The activities that relate to ETL in a data warehouse are by for most time-consuming and human-intensive. Special recognition of the extent and complexity of these activities in the requirements will go a long way in easing the pain while setting up the architecture. Let us separate out the functions and state the particular contemplation needed in the requirements definition.

3.11.1- Data Extraction

Obviously categorize all the internal data sources. Specify all the computing platform and source files from which the data is to be taking out. If you are going to include external data sources, decide the compatibilities of your data structures with those of the external sources. Also point out the methods for data extraction.

3.11.2- Data Transformation

Several types of transformation functions are wanted before data can be mapped and prepared for loading into data warehouse repository. These functions comprise input selection, division of input structures, normalization and demoralization of source structures, aggregation, conversion, resolving of missing, this turns out to be long and complex list of functions. This list is by no means complete for every data warehouse, but it gives a good approaching into what is occupied to complete the ETL process.

  • Unite a number of source data structure data structure into a single row in the target database of the data warehouse.
  • Split one source data structure into a number of structures to go into several rows of the target database.
  • Read data from data dictionaries and catalogs of source systems.
  • Read data from a Varity of file structures including flat files, indexed files.
  • (VSAM), and legacy system databases (hierarchical / network).
  • Load detail for populating atomic fact tables.
  • Aggregate for populating aggregate or summary fact table.
  • Transform data from one format in the source platform to another format in the target platform.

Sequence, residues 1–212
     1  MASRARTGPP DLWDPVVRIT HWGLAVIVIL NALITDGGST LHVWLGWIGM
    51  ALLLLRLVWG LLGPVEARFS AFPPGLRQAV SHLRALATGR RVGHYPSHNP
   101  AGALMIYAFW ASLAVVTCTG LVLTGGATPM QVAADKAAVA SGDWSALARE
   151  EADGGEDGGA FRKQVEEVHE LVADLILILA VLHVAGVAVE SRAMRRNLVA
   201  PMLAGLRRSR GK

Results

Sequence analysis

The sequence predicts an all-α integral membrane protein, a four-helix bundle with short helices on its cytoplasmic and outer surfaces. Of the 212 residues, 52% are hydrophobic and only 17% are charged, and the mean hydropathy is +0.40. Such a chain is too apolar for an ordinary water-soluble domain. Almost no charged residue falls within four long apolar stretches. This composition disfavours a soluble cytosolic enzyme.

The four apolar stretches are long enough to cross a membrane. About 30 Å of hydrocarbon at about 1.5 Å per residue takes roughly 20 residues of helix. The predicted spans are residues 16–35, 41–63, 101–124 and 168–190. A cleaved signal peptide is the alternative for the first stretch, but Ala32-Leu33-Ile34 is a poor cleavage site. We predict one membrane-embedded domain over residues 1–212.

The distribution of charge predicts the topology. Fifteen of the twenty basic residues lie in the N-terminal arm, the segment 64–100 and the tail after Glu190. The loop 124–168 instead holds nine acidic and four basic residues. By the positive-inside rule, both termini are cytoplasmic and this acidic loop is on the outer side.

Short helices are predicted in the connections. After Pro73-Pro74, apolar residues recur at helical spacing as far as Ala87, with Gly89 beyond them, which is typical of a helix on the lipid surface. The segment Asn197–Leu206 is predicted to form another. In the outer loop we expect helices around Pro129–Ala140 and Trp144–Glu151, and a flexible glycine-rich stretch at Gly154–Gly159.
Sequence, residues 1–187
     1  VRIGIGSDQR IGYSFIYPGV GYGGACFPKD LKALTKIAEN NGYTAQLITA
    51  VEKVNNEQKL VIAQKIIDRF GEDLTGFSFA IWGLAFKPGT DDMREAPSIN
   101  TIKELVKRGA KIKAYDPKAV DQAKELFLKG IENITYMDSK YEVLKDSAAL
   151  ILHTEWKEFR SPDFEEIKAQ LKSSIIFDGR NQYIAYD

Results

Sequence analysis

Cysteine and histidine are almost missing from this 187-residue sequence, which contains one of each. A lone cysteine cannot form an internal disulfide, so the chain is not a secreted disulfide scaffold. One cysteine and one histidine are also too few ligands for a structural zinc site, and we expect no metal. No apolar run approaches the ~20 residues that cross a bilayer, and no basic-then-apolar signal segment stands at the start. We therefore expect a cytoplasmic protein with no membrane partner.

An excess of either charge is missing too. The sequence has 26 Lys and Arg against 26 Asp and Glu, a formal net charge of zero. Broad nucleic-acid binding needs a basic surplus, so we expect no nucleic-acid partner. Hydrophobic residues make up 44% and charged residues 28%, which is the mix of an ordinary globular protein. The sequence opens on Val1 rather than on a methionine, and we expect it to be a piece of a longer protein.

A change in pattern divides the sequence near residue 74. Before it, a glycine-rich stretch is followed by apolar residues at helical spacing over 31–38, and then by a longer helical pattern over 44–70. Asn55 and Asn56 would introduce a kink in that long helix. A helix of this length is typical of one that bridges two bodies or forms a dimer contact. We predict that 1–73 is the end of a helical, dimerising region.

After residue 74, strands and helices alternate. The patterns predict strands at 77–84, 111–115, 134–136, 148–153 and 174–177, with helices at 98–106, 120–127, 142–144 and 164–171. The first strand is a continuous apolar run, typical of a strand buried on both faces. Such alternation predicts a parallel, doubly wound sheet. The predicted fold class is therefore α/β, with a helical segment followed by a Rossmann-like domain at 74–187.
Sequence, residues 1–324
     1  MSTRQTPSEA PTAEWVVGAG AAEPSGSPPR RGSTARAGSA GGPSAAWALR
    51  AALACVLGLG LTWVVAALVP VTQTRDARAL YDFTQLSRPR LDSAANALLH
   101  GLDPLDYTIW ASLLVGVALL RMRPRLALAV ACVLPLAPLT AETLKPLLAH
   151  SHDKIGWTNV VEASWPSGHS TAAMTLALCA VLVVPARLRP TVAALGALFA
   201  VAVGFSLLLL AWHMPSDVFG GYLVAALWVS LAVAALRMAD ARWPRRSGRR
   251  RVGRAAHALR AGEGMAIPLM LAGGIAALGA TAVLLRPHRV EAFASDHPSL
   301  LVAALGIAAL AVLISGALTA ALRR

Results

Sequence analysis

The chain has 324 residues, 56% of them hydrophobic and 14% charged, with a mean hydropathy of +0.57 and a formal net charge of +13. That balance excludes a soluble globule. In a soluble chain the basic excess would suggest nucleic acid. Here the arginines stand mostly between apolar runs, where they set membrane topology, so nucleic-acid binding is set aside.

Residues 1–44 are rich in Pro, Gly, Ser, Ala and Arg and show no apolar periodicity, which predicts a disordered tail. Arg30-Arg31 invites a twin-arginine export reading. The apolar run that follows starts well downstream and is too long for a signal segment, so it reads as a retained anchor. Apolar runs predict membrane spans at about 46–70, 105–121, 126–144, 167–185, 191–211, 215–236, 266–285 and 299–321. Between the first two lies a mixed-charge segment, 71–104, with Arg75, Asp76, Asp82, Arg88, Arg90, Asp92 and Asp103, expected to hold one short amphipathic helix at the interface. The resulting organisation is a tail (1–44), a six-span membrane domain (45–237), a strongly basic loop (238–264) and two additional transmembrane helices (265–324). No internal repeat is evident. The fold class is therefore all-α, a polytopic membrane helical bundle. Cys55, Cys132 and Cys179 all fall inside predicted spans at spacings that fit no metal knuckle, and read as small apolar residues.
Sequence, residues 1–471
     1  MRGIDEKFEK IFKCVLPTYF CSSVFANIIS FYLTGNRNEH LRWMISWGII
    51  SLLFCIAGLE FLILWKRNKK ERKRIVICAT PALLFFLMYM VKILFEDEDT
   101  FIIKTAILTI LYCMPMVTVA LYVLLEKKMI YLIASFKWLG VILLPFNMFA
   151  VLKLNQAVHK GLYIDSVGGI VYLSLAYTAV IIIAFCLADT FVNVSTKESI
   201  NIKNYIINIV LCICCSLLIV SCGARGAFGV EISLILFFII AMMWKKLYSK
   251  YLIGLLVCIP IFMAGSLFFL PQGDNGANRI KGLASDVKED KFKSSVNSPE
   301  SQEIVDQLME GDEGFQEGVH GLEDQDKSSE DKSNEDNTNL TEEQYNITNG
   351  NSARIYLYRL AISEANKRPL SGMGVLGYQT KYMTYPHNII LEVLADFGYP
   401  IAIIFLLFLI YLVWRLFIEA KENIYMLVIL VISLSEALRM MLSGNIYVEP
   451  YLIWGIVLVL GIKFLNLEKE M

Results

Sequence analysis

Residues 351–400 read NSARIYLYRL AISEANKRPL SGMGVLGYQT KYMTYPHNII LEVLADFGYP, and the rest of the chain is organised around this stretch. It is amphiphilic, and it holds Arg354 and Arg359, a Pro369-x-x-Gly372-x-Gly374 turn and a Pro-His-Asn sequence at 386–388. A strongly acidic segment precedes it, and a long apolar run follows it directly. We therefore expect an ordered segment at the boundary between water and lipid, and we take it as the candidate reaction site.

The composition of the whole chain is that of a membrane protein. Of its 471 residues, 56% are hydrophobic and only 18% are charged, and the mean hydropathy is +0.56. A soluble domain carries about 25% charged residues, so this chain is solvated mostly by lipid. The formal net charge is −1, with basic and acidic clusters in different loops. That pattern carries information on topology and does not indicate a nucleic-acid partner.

• Derive target values for input fields (example :age from data of birth)
  • Change cryptic values to values meaningful to the users.

3.12- Information entrance and Delivery.

3.12.1- OLAP in the Data Warehouse

On-line Analytical Processing (OLAP) is a sort of software technology that allow analysts, managers and executives to get insight into data through fast, consistent, interactive access in a extensive verity of possible views of information that has been transformed from unrefined data to reflect the real dimensionality of the enterprise as understood by the user.

The data warehouse provides the best opportunity for analysis and OLAP is the vehicle for carrying out involved analysis. The data warehouse environment is also best for data access when analysis is carried out. For effective analysis, users should have easy methods of performing complex analysis beside a number of business dimensions. They require an environment that presents a multidimensional view of data, providing the foundation for analytical processing through simple and flexible access to information.

Decision makers must be able to analyze data along any number of dimensions, at any level of aggregation, with the ability of viewing results in a variety of ways. They must have the ability to drill down and roll up along the hierarchies of every dimension .with out a solid system for true multidimensional analysis, data warehouse is incomplete.

3.12.2- Strategy for an OLAP Scheme

Let us consider the primary twelve guidelines for an OLAP system.

  • Multidimensional Conceptual view.
  • Transparency.
  • Accessibility.
  • Consistent Reporting Performance.
  • Client/Server Architecture.
  • Generic Dimensionality.
  • Dynamic Sparse Matrix Handling.
  • Multi-user Support.
  • Unrestricted Cross-dimensional Operations.
  • Intuitive Data Manipulation.
  • Flexible Reporting.
  • Unlimited Dimensions and Aggregation Levels.

In addition to these twelve basic guidelines, also take into account the following requirements, not all distinctly specified by Dr.Codd.

  • Drill-through to Detail Level.
  • OLAP Analysis Models.
  • Treatment of Non-normalized Data.
  • Storing OLAP outcome.
  • absent Values.
  • Incremental Database Refresh.
  • SQL Interface.

3.12.3- OLAP Characteristics

OLAP system

  • Let business users have a multidimensional and logical view of the data in the data warehouse.
  • Facilitate interactive query and complex analysis for the users;
  • Allow users to drill down for better detail and roll up for aggregations of metrics beside a single business dimension or across multiple dimensions.
  • Provide skill to perform intricate calculations and comparisons, and
  • Present result in a number of meaningful ways, including charts and graphs.

3.12.4- General Features.

Essential Features.

3.12.5- Implementation Steps

These are the steps or activities at a very high level. Each step consists of numerous tasks to achieve the objectives of the step. Here are the major steps: